Social Media is Now a Paid Marketing Platform. And That’s Great.
In 2012, an industry observer covering Facebook’s upcoming IPO wrote this about the company’s future: “Facebook needs to make money for their shareholders to make money… [So] how is Facebook going to make money? They have begun testing a feature where certain posts can get highlighted for a fee.”
That statement captured the expectation of most Facebook investors—the company had done a brilliant job of building a massive user base and now it was going to somehow cash in by charging advertisers to reach its audience.
Today, it’s clear that this assumption was correct and that Facebook’s execution of the strategy has succeeded spectacularly. In the second quarter of 2014, the company posted revenue of $2.9 billion—most of it coming from those “highlighted” (promoted) posts it had been testing two years ago.
Of course, for the shift to work, Facebook needed to make sure paid posts were more effective than organic posts. After all, if marketers could reach users by attracting Likes to their Pages and then messaging their fans directly, they would never need to pay Facebook to advertise.
So, not surprisingly, the company tweaked its algorithm over time to increasingly privilege paid posts over organic posts. At first the impact of these changes was slight, but recently it’s become huge—as many of us have seen firsthand.
Earlier this year, Ogilvy & Mather highlighted the trend in a report in which it examined the reach of organic Facebook posts made by 100 top brands. The analysis found organic reach has plummeted across the board, and the drop has been especially dramatic for large brands (500K+ likes).
Given the steady erosion in engagement, the report concluded: “Organic reach of the content brands publish in Facebook is destined to hit zero. It’s only a matter of time.”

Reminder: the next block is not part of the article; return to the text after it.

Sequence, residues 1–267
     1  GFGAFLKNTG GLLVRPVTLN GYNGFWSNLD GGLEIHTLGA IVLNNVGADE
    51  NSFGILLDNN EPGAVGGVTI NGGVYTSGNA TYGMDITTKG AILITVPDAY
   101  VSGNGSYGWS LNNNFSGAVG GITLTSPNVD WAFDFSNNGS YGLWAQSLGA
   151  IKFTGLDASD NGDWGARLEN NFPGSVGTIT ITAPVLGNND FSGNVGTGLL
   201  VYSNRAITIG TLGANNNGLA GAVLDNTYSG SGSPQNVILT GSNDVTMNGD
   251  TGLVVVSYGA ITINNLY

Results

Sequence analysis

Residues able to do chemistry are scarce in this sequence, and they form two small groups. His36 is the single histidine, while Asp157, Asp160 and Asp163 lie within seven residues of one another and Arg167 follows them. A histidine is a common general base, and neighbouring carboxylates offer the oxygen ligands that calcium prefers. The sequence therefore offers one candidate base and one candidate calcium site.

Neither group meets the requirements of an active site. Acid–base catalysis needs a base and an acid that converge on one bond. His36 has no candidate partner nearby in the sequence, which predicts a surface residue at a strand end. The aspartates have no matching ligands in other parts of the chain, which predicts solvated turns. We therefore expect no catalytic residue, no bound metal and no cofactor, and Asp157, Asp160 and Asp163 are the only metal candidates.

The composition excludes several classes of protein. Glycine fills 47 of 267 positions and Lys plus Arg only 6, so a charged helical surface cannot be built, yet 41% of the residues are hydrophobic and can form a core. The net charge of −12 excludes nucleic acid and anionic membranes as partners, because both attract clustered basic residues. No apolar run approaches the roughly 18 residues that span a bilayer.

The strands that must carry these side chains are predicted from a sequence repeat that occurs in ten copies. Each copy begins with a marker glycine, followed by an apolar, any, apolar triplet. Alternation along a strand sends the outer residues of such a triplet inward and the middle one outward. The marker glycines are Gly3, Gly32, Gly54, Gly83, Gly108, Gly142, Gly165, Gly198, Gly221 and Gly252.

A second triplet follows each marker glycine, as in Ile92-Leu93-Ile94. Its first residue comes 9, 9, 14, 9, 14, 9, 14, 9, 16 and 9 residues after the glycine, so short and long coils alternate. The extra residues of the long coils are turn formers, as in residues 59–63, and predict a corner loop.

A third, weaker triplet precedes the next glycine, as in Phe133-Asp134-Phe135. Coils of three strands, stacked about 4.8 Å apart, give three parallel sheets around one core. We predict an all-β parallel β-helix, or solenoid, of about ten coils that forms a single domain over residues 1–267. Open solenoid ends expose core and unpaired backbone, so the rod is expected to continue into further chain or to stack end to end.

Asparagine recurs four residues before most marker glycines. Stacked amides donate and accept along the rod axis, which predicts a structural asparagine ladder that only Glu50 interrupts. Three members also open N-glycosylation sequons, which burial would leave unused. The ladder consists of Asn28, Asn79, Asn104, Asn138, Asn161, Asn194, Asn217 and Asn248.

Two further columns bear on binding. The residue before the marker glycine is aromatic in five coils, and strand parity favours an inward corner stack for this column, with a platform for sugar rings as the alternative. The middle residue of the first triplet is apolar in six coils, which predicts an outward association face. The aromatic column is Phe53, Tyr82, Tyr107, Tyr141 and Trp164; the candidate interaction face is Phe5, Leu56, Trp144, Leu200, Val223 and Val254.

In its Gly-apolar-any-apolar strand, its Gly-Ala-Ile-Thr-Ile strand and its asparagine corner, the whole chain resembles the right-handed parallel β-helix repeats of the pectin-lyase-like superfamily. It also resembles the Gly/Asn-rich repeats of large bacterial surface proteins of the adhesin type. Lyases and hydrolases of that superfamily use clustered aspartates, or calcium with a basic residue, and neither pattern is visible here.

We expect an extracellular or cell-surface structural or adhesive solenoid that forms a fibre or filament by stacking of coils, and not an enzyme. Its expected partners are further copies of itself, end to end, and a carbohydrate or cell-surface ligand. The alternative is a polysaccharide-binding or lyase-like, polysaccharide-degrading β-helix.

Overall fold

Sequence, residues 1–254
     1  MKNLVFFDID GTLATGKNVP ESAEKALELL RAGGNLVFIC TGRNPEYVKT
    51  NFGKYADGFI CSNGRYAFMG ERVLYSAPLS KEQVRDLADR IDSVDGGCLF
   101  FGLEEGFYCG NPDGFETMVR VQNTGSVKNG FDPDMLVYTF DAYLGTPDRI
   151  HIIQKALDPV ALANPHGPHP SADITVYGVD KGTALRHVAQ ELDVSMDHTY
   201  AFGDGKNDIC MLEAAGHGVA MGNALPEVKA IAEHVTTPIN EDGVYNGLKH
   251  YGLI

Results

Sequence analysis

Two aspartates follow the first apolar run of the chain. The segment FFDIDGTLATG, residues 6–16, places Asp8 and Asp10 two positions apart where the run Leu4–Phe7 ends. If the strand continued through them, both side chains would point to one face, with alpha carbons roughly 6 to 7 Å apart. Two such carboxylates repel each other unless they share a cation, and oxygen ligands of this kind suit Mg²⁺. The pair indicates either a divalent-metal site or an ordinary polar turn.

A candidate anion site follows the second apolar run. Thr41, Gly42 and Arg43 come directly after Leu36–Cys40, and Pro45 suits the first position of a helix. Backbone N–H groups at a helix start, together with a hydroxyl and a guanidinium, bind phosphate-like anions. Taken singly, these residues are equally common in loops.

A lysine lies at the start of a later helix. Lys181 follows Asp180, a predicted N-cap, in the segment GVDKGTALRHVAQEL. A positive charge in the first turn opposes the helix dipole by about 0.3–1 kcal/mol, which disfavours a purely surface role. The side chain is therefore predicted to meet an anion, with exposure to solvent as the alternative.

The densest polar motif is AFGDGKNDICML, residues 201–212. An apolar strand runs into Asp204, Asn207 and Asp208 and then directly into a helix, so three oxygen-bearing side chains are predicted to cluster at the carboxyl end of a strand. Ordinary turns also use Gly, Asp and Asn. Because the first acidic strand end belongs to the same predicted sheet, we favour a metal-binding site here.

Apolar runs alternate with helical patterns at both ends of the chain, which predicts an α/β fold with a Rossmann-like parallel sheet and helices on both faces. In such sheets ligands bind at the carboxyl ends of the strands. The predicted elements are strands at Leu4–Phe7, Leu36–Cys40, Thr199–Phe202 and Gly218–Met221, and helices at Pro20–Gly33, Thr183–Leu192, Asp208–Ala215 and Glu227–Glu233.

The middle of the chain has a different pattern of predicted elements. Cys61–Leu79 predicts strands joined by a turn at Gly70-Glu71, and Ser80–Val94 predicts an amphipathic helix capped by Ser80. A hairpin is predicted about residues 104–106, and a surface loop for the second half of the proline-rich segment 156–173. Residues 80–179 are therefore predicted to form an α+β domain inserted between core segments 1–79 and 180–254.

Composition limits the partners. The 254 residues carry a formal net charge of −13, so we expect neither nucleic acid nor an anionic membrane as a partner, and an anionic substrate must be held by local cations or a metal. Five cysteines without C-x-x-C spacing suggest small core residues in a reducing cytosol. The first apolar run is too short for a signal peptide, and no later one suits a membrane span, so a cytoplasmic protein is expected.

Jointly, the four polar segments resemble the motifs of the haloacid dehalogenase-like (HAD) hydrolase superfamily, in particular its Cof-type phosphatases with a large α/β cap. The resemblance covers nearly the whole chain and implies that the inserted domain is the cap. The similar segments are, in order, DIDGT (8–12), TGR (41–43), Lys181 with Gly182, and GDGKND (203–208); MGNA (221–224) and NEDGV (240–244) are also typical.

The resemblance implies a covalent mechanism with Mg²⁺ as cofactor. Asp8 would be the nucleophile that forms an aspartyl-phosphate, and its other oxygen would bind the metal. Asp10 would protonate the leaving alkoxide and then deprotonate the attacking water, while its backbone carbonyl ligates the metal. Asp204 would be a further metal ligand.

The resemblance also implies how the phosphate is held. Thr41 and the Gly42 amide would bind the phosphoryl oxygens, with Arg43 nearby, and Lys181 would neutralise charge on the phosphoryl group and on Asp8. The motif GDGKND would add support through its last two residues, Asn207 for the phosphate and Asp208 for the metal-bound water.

That dire conclusion is somewhat of an overstatement. There are, and will remain, certain situations in which organic Facebook posts made by brands appear in people’s Facebook Feeds—for example, when a video becomes hugely popular and is shared extensively.
Still, the overall shift is pretty clear: social media marketing has evolved into a (mostly) paid channel.
To be clear, the trend is applicable to all social media networks. Facebook is the clearest example, because of its size and aggressive moves into paid promotion, but every major platform—from Twitter to Pinterest to (Facebook-owned) Instagram—is following the same path.
For many marketers, this evolution to “pay to play” seems like a terrible thing. Who wants to spend on reach you were once able to get for free? However, though it’s a bit counterintuitive, the move to a paid model has actually made social media a much more effective marketing channel.
In the heyday of organic reach it was exciting to build up fans/followers and be able to connect with them for free, but there was a huge flaw: it was difficult to figure out who these people were, and it was a struggle to engage them.
Put another way, being able to reach thousands (or hundreds of thousands, or millions) of people is great, but it only boosts sales if those are the right people.
Organic social engagement is usually a blunt instrument (with either zero or extremely limited targeting options)—marketers publish and pray that their content connects. Paid targeted reach, on the other hand, is precise.
For example, with its paid ads, Facebook offers an impressive mix of targeting criteria, including options for geographic location, demographics, interests, and behaviors. Moreover, there are a host of advanced strategies, such as custom audiences and retargeting, that allow for even more niche reach.
Again, this isn’t limited to Facebook. Other social media networks also increasingly offer sophisticated targeting options for their paid offerings.
The huge advantage of all this is better engagement with the desired audience. A recent study by AOL Platforms found promoted tweets on Twitter have a 3X higher conversion rate than non-paid tweets.
This increased conversion is partially due to prominence—promoted tweets appear more clearly and frequently in timelines—but it is also due to the fact that the tweets are now able to reach the right people.
Basically, marketers are not just paying the social networks to “play,” they are paying for the ability to precisely target their messages to current and prospective customers based on an ever-expanding range of criteria. This new exposure can even be amplified with “social endorsement” when users’ friends have liked or interacted with the brand.
Ultimately, advertisers are spending to reach the consumers who are most likely to be interested in their products. That increased effectiveness benefits not just the social networks, but everyone involved.
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